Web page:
Friends & Family Make the Difference (Part I)

This is the first of a three part series by a guest blogger.  This writer was interested in sharing some of the many ways friends and family helped her leave an abusive relationship.


I went home to visit my family for the winter holidays. I had yet to identify my relationship as abusive or controlling– even though my then-girlfriend had thrown things (not at me), even though we got in fights almost every day, even though I had stopped going to some of the places I used to to go, even though I wasn’t hanging out with my friends as much, even though she yelled at me a lot.

I come from a family of arguers and yellers and as far back as I can remember we’ve all raised our voices during discussions and arguments. In some way, I thought that meant yelling wasn’t abusive. Being around my family for the holidays without my girlfriend, I observed how we all fought– how my parents fought with each other, how my brother fought with his girlfriend. I saw the raised voices, I saw how it happened and I thought to myself, “That’s different from my relationship.” I couldn’t quite put my finger on how, but knew it was different. It looked different somehow. It felt different.

A long table set with plates and glasses for a fancy meal.

I knew, then, that the arguments I was having with my ex were not okay. I started to realize that the way she yelled at me almost every day also was not okay. Even more importantly, this observation got me started in a process of noticing that it wasn’t just the yelling and the arguments that weren’t okay– what made the relationship truly and deeply not okay was that I wasn’t seeing friends as much, that I had stopped going to some of the places I wanted to go, that I had started to exercise less, that I had changed the way I dressed, changed the way that I ate. All those things (and the yelling, and the arguing) added up to a pattern of power of control that she was weaving around me.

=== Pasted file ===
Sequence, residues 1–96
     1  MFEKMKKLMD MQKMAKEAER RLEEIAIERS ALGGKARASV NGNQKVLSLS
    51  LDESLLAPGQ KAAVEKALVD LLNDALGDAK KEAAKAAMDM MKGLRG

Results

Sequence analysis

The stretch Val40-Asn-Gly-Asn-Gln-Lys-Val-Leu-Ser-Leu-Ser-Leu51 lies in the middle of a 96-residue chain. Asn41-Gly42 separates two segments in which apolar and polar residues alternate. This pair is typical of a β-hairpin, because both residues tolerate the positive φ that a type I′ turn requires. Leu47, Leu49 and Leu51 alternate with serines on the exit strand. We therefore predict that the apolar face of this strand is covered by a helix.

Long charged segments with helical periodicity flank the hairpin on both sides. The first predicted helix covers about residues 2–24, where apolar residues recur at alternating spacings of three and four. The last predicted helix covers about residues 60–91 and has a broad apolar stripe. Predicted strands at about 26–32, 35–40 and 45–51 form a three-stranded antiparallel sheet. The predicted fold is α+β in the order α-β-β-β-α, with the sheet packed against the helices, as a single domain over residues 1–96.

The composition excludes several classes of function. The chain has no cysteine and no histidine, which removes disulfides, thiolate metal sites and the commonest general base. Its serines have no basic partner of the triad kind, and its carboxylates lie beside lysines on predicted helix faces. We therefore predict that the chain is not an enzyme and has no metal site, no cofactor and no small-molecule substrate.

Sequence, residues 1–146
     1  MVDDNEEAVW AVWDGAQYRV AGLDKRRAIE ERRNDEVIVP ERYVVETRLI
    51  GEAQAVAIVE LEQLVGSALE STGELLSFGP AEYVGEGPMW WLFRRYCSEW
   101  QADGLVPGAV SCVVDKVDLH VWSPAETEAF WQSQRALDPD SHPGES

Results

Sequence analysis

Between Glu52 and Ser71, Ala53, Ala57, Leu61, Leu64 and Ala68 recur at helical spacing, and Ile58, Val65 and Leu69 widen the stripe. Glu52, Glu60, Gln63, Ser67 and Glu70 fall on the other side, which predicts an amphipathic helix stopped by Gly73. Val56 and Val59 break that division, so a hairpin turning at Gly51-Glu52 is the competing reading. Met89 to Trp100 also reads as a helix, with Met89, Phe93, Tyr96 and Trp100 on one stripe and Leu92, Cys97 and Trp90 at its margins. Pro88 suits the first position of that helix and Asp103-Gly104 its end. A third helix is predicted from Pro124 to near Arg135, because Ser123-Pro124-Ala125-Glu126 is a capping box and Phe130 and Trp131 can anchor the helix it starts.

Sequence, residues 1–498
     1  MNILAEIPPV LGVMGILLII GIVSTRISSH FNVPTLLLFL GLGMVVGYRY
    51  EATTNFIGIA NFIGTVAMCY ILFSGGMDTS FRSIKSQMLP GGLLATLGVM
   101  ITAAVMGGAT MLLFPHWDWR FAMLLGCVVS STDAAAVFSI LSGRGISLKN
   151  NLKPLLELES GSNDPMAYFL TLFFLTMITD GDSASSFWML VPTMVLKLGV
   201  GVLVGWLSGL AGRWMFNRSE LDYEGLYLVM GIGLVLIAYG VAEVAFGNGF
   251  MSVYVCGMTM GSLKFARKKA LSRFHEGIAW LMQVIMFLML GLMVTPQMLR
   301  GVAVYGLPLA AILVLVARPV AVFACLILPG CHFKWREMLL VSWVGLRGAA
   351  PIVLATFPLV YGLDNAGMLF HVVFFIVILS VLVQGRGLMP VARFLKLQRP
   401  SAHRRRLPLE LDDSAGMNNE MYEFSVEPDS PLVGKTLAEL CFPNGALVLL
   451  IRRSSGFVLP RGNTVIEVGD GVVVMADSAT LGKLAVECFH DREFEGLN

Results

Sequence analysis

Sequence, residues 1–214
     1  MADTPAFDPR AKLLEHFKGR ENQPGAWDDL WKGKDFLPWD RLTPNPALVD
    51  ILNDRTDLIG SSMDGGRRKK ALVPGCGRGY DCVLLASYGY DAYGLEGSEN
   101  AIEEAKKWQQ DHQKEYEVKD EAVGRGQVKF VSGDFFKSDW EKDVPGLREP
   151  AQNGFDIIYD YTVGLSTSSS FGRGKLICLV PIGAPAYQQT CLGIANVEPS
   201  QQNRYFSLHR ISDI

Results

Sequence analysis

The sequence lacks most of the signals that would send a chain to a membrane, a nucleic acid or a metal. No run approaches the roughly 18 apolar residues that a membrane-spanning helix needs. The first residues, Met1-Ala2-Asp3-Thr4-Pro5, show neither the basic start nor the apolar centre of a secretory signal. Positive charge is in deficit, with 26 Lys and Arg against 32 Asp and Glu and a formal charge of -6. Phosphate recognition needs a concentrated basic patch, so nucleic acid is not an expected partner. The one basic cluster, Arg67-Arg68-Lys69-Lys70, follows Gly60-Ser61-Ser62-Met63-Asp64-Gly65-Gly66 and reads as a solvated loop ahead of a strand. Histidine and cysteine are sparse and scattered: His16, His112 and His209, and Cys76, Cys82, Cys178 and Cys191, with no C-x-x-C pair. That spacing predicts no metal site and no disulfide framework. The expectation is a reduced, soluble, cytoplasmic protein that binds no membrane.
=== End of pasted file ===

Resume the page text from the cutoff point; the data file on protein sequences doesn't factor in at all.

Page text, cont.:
My family may never know how important those holidays were. They never commented on my relationship and I never shared what it looked like, but being with them– seeing them in relationship to each other– started me on the path of looking at my relationship differently and exploring how I might be able to end the relationship with my abusive girlfriend, now my ex.


A History of F.A.R. Out…

Consider for a moment what our community would look like if we valued our friendships as much as we did our dating and romantic relationships. We would never ditch our friends when we started to date someone new. We wouldn’t be so quick to brush them off as “just friends.” We wouldn’t take our friendships for granted, assuming that they will always be there, no matter how much or little time and attention we put into maintaining them. We know that dating relationships are, often, fleeting… but our friendships can be our most precious and stable relationships. What would it look like for us to start treating them with as much intention and value as they merit?